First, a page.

UO Solar Radiation Monitoring Laboratory

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About Our Web site

As you know if you happened to visit our Website prior to mid-December, 2000, we've made extensive changes to the site. On this page, we'll briefly discuss some of the goals we wanted to achieve with our new design. We hope that our Web site is of value to you, and that you will contact the Webmaster if you have any problems with it.

Website design goals

We are trying to serve several distinct groups of people—professionals in the electrical power infrastructure, scientists and other researchers, teachers, students, and the public at large. Attempting this has contrained our site's design, but we've worked hard to make it:

Useful. Much of the Lab's solar radiation data are now available here, with more to come. Eventually, we hope to provide a rich assortment of resources for everyone who has an interest in solar resource assessment.

Accurate. Many people depend on our data, which is of high quality; similarly we want our Web-based software to be accurate and reliable.

Accessible. Even though some of our Website visitors have high-speed Internet connections and fast new computers, we know that many do not. Consequently, we've avoided technology choices and page designs that would limit access to our site. Here are some of the specific choices we've made with this in mind:

Limit Java and JavaScript. These programming languages can be extremely useful, especially for interactive Web pages. However, some people use browsers that don't support them, and many other people choose to disable them.

No cutting-edge page layouts. For reasons similar to those mentioned above, we've avoided using newer standards and newer features of older standards. As a result, we think our Web pages will display properly on nearly any browser in use today.

Support low-end monitors and video cards. Our Web pages should be legible at screen resolutions down to 640 X 480 pixels. No more than 216 colors are used—the so-called Web-safe color palette. No one should have to scroll horizontally to see everything on one of our pages.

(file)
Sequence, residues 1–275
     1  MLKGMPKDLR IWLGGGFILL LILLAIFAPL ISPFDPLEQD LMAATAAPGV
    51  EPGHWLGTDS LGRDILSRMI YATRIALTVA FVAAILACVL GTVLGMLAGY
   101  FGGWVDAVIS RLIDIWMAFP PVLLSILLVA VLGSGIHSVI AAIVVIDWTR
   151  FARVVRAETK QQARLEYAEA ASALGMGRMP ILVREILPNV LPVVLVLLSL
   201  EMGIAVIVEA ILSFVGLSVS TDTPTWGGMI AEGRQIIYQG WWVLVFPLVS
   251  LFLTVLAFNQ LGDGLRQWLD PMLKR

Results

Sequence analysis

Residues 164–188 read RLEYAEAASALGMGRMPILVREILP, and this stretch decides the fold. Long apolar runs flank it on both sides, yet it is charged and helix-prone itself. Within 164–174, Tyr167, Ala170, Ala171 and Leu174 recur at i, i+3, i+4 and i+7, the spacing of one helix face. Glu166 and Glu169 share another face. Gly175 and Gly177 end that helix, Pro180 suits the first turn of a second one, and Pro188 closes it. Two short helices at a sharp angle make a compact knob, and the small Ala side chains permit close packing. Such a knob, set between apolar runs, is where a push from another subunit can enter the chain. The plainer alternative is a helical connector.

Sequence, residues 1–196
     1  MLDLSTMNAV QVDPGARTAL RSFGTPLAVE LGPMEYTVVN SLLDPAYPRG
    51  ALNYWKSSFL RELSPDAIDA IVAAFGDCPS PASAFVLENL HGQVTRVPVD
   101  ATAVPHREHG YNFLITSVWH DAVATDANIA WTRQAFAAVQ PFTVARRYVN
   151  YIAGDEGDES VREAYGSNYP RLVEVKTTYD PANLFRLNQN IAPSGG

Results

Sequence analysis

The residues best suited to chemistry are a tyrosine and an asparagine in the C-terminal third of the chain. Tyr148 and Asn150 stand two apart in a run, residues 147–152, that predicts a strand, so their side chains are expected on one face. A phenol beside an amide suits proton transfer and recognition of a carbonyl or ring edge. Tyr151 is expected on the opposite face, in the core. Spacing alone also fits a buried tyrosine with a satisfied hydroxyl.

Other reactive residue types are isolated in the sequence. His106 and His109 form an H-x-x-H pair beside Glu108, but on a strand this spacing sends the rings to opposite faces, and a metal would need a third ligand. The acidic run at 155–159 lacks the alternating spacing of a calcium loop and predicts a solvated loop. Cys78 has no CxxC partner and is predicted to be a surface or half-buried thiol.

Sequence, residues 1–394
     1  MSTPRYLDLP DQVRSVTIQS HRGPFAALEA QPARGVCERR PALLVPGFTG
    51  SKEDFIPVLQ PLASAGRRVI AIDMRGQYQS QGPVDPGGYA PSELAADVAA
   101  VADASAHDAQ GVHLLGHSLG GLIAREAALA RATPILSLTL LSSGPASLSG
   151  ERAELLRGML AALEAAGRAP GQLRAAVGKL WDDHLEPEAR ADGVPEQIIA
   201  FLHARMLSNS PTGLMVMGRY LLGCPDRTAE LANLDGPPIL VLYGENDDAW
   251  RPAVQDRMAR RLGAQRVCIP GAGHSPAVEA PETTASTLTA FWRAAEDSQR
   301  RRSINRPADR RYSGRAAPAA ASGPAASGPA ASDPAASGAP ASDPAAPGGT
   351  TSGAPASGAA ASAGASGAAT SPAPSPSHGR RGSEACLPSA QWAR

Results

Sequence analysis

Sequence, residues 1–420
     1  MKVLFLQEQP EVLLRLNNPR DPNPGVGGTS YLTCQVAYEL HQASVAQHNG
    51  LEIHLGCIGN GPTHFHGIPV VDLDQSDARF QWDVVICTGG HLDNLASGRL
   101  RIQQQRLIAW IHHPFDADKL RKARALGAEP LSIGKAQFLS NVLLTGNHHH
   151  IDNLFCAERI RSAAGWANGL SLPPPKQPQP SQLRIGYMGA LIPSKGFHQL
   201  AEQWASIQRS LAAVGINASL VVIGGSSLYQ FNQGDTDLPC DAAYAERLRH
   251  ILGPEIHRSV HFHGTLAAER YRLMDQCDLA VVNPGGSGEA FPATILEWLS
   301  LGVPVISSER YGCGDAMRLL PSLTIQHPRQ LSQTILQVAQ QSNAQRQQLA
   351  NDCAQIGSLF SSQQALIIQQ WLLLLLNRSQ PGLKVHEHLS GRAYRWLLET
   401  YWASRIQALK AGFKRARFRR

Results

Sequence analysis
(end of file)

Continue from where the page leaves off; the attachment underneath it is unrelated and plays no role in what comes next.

Support no-graphics browsing. Some people disable graphics when they browse the Internet; others run files through speech synthesizer programs to access the Web. We have tried to follow guidelines that facilitate this type of interaction. For example, images have text labels, and full navigation is supported through text-based links.

Support slow Internet connections. Our site is perhaps heavier on text and lighter on graphics than most. That helps to speed up file transfers on the Internet. Where we do employ graphics, we generally do so in support of text or to make pages more navigable, and we are careful to compress them as much as we can.

Efficient. This point is discussed above as it affects accessibility. However, increasing efficiency entails more than just speeding up the delivery of a Web page through cyberspace—it has as much or more to do with facilitating the way you usefully interact with a Web site. We've attempted to make our site easy to explore and to navigate within. The common "look-and-feel" of all our pages allows you to quickly find salient page elements.

Printable. Long Web pages (like this one!) don't have to be read on the screen just because that's where they first appear. If you have a printer, it's often best to print out long pages for off-line reading. We encourage this by keeping our margins narrow enough for nearly any printer, and by our choices of fonts, graphics, and colors.

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© 2022, UO Solar Radiation Monitoring Laboratory.
Last revised: March 4,2022.

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Home page URL: solardata.uoregon.edu